Customs: Poems

Graywolf. Mar. 2022. 72p. ISBN 9781644450796. pap. $16. POETRY
Following the National Book Award finalist Look, Sharif’s second collection is alternately scathing, funny, resigned, and transcendent. Her poems interrogate the bonds of social performance and the bureaucratic language of power (“Studies suggest it’s best not to mention problem in front of power even to say there is none”), then invert that lens on poetry itself, as in the tellingly titled “Patronage”: “Poets convinced they are ringmaster/ when it is with big brooms and bins, in fact,/ they enter to clear the elephant scat.” The poems grapple with belonging, what it means to exist inside and outside—of a nation, language, place, or time. Whether probing the arbitrary power of a U.S. customs agent or the language to which one defaults (“To lament the fact of your lamentations in English, English being your first defeat”), speakers confront the gulfs between self and home. The fragmented long poems of the second and third sections effectively utilize absence and space to mirror these ideas.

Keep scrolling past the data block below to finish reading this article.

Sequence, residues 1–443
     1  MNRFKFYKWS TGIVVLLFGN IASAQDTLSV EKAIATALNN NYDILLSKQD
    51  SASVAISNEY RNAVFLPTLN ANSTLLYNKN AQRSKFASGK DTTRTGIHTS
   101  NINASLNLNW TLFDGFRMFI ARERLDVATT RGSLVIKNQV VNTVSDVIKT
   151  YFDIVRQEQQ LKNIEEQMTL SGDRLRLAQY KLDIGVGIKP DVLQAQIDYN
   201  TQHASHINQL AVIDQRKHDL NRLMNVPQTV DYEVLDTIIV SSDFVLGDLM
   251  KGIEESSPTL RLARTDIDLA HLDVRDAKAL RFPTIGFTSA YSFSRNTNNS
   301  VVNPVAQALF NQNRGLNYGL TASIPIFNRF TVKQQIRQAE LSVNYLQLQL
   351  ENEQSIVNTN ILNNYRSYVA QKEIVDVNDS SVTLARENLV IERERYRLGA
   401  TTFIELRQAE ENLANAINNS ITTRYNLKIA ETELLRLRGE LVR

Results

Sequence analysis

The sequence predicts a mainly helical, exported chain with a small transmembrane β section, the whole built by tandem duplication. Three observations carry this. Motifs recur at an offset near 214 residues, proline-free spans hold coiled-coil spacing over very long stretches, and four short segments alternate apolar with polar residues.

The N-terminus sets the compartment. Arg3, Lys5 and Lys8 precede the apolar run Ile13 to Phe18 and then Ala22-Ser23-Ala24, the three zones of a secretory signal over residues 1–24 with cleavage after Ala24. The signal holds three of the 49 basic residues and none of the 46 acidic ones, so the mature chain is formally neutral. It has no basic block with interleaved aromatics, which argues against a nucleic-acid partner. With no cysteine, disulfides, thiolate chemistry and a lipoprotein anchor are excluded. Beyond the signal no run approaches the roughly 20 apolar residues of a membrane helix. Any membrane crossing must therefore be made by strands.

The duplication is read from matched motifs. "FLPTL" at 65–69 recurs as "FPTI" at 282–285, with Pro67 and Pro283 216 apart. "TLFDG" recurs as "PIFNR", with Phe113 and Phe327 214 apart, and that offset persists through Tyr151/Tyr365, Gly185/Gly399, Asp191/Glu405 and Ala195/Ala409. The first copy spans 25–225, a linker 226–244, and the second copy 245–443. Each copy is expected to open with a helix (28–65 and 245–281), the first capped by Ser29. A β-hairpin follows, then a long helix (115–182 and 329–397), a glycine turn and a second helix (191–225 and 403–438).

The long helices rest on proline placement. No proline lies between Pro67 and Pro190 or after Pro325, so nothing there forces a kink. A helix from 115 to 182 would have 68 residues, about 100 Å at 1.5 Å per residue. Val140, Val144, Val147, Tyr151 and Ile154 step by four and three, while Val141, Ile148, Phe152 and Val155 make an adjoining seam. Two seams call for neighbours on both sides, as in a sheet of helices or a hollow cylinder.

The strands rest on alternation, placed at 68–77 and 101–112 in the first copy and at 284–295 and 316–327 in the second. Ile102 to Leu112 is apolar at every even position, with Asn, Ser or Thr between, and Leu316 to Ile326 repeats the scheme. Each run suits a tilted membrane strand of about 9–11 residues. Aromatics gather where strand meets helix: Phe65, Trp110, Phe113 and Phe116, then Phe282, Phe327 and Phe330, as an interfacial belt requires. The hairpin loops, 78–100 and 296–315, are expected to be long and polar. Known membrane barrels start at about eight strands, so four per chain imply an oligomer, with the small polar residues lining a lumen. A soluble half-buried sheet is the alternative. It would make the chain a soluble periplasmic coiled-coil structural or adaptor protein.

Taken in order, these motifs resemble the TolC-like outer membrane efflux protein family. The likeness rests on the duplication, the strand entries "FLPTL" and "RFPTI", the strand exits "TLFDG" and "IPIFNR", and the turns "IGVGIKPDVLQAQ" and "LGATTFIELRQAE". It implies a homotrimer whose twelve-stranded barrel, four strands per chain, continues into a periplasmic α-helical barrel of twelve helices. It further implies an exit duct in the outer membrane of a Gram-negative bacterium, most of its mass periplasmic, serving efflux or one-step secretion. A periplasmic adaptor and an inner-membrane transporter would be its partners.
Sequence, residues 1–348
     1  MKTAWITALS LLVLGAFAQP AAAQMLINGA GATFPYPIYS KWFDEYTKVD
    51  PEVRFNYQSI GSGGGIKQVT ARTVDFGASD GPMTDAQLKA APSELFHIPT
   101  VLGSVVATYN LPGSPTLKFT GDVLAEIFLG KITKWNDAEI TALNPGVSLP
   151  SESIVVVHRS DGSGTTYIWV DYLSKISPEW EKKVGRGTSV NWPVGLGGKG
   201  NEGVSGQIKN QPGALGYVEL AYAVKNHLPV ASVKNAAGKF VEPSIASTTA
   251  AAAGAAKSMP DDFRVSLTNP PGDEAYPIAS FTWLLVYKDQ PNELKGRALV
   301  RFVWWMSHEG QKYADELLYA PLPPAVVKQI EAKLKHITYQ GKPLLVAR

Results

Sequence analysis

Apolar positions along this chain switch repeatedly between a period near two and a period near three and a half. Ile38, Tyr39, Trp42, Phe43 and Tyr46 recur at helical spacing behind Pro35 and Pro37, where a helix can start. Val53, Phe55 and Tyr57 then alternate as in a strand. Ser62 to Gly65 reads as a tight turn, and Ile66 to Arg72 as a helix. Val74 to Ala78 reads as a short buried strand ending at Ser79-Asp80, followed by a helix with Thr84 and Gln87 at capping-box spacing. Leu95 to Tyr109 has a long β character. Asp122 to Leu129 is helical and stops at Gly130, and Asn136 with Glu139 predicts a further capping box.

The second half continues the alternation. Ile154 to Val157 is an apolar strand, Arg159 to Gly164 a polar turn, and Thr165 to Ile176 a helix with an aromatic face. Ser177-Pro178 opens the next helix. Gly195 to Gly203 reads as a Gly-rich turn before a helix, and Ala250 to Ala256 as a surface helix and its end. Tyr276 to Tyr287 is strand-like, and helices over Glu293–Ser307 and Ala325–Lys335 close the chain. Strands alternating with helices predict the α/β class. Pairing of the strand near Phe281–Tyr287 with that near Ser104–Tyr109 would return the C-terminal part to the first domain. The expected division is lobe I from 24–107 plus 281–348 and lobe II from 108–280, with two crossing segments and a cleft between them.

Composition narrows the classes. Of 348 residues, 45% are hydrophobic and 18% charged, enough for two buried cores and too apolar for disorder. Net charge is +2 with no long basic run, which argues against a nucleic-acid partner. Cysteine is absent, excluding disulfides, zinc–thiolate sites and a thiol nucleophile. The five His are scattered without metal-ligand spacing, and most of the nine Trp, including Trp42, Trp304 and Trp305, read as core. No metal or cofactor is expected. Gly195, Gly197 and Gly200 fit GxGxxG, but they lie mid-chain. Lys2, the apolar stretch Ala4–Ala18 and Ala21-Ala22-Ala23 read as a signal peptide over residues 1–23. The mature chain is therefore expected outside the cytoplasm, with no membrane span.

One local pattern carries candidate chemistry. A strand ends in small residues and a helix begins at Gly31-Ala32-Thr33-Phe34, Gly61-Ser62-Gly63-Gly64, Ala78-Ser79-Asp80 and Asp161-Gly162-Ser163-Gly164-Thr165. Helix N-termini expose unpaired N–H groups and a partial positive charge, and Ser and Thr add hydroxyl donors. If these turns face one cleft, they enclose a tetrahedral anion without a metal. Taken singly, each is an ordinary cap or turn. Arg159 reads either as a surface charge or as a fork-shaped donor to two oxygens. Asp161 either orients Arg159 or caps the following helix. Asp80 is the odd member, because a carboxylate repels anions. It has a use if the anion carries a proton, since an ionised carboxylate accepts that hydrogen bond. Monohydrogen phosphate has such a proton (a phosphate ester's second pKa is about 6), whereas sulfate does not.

VERDICT Blistering in its clear-sightedness (“No crueler word than return./ No greater lie”), this collection offers a fierce, beautiful closing that dares to imagine “a beckoning, a way.” A bold and uncompromising book with virtuosic emotional range; highly recommended.
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